It was a long, hard illness that followed, and the younger and the elder Mary Finch were both tired and worn out before it ended in a slow convalescence that in its dangers and troubles was almost as bad as the illness itself. The doctor was most kind and helpful in other ways than with his medicines. It was a most cheerful and kindly presence, and more than once Polly drove back to the village with him, or went with her own horse to bring him to the farm, and they became fast friends. The girl knew without being told that it would be a long time before her father would grow strong again, if that time ever came at all. They had got on very well without help, she and her mother. Some of the neighbors had offered their services in-doors and out, but these latter offers were only occasionally accepted.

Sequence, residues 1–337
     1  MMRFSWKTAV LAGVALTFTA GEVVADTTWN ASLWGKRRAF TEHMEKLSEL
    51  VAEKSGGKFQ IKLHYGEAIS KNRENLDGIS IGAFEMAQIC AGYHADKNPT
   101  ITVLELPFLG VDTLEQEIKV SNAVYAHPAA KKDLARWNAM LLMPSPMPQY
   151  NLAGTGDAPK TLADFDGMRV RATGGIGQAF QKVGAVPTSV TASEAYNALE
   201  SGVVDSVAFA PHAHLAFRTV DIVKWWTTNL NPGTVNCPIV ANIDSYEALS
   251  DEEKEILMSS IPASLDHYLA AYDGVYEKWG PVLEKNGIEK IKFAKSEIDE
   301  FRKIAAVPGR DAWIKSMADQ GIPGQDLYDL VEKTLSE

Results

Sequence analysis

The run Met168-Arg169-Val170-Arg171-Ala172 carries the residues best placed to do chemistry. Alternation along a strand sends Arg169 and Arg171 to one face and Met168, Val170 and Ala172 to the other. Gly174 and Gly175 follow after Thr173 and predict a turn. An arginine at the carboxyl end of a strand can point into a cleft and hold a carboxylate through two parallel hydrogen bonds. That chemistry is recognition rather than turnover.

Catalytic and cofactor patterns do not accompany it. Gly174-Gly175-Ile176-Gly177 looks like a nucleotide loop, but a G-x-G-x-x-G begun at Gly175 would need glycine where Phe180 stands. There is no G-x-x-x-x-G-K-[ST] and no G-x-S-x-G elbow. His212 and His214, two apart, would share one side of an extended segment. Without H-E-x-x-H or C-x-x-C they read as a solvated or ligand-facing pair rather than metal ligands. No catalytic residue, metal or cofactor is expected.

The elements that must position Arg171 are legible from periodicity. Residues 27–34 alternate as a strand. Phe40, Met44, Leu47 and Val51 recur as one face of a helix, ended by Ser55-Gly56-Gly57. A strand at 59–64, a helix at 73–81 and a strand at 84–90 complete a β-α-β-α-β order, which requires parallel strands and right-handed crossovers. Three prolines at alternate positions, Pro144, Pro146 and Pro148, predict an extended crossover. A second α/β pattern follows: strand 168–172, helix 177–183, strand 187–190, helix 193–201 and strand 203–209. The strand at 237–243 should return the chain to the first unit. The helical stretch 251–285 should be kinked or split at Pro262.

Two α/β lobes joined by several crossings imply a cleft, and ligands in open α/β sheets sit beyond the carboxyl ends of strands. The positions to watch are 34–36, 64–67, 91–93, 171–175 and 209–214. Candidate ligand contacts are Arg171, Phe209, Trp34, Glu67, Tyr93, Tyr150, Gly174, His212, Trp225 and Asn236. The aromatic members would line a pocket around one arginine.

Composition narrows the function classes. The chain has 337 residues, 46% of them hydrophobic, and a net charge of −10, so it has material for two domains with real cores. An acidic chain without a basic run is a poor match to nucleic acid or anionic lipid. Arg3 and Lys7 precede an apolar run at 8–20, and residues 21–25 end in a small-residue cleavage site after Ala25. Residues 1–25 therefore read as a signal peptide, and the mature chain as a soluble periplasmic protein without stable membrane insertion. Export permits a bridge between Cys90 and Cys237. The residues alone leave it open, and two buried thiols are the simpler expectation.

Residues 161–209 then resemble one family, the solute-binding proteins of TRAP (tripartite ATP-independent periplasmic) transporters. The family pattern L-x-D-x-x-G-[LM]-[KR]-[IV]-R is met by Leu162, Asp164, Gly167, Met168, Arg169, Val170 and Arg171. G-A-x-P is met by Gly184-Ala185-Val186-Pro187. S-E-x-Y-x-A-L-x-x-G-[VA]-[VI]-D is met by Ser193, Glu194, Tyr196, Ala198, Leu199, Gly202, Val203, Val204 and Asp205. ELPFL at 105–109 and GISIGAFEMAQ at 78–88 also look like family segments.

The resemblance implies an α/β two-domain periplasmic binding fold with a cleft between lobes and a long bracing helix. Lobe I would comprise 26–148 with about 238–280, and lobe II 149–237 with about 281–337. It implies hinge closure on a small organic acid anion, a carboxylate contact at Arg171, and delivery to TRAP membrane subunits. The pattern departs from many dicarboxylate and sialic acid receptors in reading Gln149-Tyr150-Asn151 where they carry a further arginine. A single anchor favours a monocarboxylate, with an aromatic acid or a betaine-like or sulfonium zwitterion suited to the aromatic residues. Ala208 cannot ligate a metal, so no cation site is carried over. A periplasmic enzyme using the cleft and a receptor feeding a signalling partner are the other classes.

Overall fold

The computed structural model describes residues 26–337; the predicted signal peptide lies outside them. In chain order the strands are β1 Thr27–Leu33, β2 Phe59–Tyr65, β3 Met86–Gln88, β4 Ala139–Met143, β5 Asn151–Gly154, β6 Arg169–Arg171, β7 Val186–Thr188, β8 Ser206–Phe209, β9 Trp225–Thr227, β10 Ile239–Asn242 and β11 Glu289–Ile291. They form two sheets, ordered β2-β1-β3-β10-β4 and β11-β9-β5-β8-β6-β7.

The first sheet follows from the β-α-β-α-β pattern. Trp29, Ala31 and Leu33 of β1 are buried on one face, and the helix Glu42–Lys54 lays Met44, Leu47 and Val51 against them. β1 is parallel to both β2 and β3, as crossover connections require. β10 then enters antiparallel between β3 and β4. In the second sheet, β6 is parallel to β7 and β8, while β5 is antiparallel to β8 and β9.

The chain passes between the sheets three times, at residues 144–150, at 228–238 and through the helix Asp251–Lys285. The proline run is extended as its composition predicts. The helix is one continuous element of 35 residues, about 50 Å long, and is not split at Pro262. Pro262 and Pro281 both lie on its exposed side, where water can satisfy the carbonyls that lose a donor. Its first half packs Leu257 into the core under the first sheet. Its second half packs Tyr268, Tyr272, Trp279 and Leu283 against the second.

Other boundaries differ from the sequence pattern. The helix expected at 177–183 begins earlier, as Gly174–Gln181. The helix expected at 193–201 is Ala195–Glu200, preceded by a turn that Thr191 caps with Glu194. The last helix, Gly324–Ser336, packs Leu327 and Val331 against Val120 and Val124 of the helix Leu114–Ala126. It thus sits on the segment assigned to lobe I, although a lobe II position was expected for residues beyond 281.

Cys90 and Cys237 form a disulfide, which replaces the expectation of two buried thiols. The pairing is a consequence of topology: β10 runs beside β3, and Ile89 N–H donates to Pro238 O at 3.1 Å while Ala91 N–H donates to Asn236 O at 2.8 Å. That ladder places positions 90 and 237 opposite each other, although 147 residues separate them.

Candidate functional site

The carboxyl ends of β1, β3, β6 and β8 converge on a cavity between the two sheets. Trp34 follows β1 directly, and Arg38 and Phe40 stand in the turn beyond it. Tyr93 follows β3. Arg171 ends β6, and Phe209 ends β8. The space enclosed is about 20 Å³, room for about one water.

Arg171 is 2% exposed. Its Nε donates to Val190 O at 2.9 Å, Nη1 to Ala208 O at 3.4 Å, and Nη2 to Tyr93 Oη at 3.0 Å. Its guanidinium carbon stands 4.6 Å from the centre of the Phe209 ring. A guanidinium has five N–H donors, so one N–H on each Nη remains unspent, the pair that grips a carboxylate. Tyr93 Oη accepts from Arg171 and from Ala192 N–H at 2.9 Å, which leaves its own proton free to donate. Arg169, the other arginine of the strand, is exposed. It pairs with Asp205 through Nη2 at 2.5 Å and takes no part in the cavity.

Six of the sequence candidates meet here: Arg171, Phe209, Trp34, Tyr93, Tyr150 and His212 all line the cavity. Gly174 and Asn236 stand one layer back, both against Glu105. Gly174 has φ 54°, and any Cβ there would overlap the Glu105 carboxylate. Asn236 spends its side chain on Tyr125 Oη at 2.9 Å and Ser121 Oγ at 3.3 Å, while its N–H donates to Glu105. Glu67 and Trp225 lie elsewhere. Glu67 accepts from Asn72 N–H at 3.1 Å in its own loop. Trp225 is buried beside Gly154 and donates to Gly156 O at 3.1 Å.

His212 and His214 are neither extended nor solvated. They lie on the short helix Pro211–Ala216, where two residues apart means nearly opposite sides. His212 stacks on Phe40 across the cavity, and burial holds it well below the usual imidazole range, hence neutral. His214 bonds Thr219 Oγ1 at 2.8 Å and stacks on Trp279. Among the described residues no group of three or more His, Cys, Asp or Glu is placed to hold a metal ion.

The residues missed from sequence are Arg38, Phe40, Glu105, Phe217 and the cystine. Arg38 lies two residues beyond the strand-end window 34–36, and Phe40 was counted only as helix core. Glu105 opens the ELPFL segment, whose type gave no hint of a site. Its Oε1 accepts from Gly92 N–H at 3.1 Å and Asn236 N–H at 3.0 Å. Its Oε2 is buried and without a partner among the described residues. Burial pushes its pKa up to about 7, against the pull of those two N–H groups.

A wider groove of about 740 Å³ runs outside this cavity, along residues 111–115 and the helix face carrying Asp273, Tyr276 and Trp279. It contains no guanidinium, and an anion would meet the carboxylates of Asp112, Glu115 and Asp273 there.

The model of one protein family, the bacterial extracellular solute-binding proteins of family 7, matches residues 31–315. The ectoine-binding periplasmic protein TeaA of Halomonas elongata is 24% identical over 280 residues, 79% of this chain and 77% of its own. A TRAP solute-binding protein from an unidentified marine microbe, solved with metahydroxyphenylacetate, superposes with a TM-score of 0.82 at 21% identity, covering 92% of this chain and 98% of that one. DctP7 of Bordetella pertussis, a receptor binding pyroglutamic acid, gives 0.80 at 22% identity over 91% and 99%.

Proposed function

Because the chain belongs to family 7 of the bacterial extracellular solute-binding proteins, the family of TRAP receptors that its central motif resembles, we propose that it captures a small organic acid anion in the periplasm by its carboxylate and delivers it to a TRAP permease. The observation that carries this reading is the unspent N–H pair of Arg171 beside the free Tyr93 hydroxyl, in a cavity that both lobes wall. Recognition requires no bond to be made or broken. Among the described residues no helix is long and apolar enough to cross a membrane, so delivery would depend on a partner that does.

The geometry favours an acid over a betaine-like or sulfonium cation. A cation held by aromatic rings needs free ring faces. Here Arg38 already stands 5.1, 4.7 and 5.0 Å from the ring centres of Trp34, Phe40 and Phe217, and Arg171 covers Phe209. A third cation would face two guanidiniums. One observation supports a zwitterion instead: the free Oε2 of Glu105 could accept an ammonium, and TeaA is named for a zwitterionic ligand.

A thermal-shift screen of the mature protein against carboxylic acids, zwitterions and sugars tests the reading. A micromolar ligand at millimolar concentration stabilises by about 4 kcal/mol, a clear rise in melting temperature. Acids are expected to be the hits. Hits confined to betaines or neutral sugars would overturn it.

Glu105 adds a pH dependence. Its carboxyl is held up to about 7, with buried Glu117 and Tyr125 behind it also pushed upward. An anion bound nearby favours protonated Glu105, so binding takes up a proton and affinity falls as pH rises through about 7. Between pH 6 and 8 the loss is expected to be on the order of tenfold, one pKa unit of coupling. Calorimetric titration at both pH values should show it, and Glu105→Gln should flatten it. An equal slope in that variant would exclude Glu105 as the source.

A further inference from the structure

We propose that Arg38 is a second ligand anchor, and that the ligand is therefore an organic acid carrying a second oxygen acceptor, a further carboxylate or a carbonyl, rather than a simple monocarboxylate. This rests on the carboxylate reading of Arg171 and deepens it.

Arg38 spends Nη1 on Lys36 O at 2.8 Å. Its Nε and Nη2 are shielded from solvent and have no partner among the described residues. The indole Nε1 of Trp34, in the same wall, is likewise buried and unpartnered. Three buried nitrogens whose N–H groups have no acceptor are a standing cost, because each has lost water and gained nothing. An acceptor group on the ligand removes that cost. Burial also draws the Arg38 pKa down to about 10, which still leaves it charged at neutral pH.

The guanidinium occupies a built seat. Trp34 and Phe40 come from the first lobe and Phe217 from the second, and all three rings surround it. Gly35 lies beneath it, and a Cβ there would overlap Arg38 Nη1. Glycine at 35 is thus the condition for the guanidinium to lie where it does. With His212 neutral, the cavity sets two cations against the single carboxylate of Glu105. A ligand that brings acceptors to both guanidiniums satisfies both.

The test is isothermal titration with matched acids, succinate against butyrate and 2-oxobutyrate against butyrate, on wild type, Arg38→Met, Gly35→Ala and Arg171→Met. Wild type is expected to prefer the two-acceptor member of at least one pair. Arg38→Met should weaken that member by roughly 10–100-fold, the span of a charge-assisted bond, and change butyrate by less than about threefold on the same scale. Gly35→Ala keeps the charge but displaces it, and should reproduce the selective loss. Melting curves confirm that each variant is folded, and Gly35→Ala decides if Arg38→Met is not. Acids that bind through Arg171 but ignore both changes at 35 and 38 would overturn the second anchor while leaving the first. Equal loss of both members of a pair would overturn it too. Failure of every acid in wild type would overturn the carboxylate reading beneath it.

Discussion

The oxen had been hired by a man who was hauling salt hay to town, and Polly had taken care of the horse and the two cows. She had split the fire-wood [firewood] and brought it in, and had done what little rough work had to be attended to in these weeks in spite of her mother's unwillingness. To tell the truth, she enjoyed it after the heat and stillness of the house, and when she could take the time to run out for a little while, it was always to take a look at some part of the farm, and though many of her projects proved to be castles in the air, she found almost her only pleasure in these sad winter days in building them and thinking them over.